I am a disciplined eater and always have been. Even since my retirement from competitive running, I still eat the same kind of diet that I did when training hard.
In saying that I like to keep things simple. Growing up on a farm we were self sufficient. We had our own meat, chickens, lamb, eggs, milk, vegetables and some fruit. I felt this good diet help build up my immune system and this kept me healthy and strong for the long endurance training and racing that I did.
I have a routine, and the same go-to foods that make it onto my shopping list every week! This might sound boring – but I know my body very well, and I know the foods that fuel it properly. Eating junk food makes me feel awful, and impact my energy levels and my mood. Who needs that? I’d prefer to fuel myself with the foods that do good for me and make me feel good.
So what’s a typical day’s meal plan look like?
First thing in the morning I have a glass of warm water with freshly squeezed lemon, lime and orange. This is a cleansing and refreshing drink and also great for energy before running.
I follow this with some fruit. I eat most of my fruit in the morning and always before food. It’s not good to eat fruit after food as it causes fermentation in the stomach.
I’m a big believer in porridge oats and have been since I was a child. I was not crazy about it then but now oatmeal is my staple breakfast food. I jazz it up a little with a handful of nuts, which might be walnuts or chopped almonds, and then I flavour it with maple syrup. Oats are a slow release carbohydrate and are fantastic before training and racing.
I have never been a fan of tea or coffee as it is not good for our joints. I like to drink herbal teas, like lemon and ginger or camomile.
I typically run in the morning, after the children have left for school, and before I go to visit any of my business partners for a lunchtime Fit For Business training program. Before running, I hydrate with at least a pint of water – sometimes warm, and sometimes cold – depending on the weather. In recent months, I add a scoop of Heart Essentials, which is an Irish made supplement from Health Essentials, that has nitric oxide and l-arginine, in it, along with lots of other vitamins and minerals. This is designed to support the cardiovascular system, and thank God – my own heart health is good – but this gives me a circulatory boost and great energy before I run, and greater flexibility as well.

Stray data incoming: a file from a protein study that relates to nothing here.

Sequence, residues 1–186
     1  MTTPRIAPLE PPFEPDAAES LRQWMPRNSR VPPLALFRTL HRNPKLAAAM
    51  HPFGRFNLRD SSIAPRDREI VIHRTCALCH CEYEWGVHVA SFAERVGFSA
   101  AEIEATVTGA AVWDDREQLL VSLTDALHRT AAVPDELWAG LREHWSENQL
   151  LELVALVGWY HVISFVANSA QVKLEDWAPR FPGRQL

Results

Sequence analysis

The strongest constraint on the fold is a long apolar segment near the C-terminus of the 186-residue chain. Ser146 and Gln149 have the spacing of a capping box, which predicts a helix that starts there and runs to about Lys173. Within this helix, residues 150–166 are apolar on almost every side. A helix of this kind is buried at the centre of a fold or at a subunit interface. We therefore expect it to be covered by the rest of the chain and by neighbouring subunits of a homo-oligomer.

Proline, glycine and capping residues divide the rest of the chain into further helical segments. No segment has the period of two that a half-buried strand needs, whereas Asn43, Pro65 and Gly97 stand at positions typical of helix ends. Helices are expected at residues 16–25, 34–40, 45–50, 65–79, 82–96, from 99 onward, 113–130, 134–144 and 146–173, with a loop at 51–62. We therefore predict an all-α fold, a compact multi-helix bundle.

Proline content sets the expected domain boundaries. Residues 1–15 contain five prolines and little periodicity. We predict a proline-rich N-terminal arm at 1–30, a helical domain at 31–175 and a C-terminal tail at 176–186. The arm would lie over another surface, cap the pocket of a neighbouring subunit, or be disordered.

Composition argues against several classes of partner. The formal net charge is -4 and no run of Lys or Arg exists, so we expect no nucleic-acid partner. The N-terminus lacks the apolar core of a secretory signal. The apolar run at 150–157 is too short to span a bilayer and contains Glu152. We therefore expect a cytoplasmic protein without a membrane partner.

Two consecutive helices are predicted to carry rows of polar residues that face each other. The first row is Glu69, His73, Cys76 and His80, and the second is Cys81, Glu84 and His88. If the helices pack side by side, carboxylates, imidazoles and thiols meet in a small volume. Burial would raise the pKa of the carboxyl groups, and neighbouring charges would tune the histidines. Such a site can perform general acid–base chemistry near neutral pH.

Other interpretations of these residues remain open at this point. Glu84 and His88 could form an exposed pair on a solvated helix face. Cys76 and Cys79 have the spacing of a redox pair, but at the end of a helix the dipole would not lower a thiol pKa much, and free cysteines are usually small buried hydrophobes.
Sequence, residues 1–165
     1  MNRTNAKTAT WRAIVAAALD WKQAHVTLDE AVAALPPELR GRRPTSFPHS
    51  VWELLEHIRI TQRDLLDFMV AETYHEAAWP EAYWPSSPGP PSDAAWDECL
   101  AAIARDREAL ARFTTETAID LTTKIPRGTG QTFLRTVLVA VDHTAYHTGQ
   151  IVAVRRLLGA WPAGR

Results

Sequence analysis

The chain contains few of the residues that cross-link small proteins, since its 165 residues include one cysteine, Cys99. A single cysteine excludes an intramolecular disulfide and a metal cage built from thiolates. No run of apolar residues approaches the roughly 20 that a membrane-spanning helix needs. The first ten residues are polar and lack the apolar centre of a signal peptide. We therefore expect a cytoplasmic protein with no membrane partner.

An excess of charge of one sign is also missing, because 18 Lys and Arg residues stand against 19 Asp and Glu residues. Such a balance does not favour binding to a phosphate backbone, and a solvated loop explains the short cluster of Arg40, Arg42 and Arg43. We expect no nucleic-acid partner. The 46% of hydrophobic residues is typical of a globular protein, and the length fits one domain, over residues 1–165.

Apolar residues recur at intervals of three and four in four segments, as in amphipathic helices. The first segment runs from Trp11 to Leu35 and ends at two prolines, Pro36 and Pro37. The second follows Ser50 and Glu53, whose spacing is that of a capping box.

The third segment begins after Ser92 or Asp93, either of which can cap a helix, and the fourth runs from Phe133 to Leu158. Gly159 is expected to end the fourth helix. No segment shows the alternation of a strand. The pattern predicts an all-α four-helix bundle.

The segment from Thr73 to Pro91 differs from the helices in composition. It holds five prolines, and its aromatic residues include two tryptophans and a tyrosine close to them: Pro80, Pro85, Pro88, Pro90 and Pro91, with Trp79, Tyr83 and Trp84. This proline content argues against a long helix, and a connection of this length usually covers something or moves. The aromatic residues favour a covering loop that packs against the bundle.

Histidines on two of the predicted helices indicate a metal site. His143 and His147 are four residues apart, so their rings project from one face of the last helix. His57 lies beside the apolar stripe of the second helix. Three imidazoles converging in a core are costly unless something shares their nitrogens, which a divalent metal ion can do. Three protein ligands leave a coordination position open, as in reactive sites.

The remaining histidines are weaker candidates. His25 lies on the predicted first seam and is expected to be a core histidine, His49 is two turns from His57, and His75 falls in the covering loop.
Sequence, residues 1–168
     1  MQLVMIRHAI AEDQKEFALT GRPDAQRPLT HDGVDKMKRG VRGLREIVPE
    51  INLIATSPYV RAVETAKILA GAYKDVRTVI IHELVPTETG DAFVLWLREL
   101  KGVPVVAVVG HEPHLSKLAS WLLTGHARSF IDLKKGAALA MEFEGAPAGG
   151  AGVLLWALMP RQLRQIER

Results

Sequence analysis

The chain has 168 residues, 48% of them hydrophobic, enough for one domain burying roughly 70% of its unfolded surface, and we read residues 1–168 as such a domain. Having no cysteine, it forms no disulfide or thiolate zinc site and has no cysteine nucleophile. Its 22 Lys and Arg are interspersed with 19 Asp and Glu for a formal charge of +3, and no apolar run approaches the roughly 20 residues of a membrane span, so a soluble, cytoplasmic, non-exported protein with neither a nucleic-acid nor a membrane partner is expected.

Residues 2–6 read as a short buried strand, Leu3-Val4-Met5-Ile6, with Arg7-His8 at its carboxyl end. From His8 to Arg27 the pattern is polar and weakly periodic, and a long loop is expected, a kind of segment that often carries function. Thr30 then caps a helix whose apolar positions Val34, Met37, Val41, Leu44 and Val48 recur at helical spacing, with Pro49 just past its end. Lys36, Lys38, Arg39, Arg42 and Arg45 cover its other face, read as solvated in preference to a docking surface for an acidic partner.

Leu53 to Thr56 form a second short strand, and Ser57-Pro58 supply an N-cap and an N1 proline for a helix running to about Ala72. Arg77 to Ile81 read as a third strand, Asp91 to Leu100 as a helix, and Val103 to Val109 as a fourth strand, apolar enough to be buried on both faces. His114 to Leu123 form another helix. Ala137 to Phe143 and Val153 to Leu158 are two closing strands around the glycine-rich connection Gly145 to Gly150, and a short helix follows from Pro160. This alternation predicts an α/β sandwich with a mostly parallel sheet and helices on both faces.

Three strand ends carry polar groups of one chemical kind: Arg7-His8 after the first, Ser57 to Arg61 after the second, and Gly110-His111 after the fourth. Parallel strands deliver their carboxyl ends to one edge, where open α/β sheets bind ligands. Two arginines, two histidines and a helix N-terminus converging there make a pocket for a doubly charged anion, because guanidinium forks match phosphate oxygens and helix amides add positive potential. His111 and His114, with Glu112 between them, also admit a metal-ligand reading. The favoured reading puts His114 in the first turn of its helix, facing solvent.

Back from my run, I am now in recovery mode. Muscles that have exercised need repair – and repair calls for protein.
I’ll eat a little salad, with sardines or an egg on top. Sardines are the unsung heros of athlete’s diets. They are really high in omega-3 fatty acids EPA and DHA (to help manage cholesterol), an excellent source of vitamin B12, and bone-building vitamin D, and most importantly for me – an excellent source of lean protein! Proteins form the basis of muscles and connective tissues – and I am all in favour of anything that keeps these joints of mine going.
I said in a recent interview that my joints must have racked up hundreds of thousands of miles between training and racing and they have carried me this far – so I owe it to them to mind them 🙂
Along with my protein rich lunch, I’ll always re-hydrate after my run. Through the course of the day, I definitely consume 5 litres of water or herbal tea, at a minimum. After my run, I’ll add a scoop of my other daily supplement – Joint Essentials, which is packed full of collagen, chondroitin, glucosamine and other vitamins and minerals to maintain supple, flexible joints and strong bones. The collagen doesn’t do the skin any harm either!
Dinner for me, is typically eaten with the children. They are fast growing, and both into sports of their own, and believe me – race career or not – I Often have trouble keeping up with them! For the most part, I eat what they eat – we’ll always have vegetables, fish or meat, and potato or rice.
I am not a drinker, and never have been. In my early adult life, between training and racing there was always a reason to avoid it, because it definitely impacts performance in an athlete. I was not interested in choosing to consume something that would make me feel less well or train less effectively in the build up to a race or while participating in a competition. so, I never developed a taste for it and now I’m grateful for that! I certainly don’t judge anyone who does take a drink, for many people it’s a way to relax and part of enjoying a nice meal for example. There are even studies now to suggest that having a glass of red wine every evening is very good for you, and it boosts antioxidants in the system, so perhaps I will take it up yet!!
I think of my diet and eating habits as well-balanced and normal, for me at least. I always advise people to find what feels right and promotes well-being for them – because it’s a very individual thing. We should all consume everything in moderation – even exercise, and a piece of cake or some chocolate does you no harm at all every now and again. A little bit of what you fancy does you good!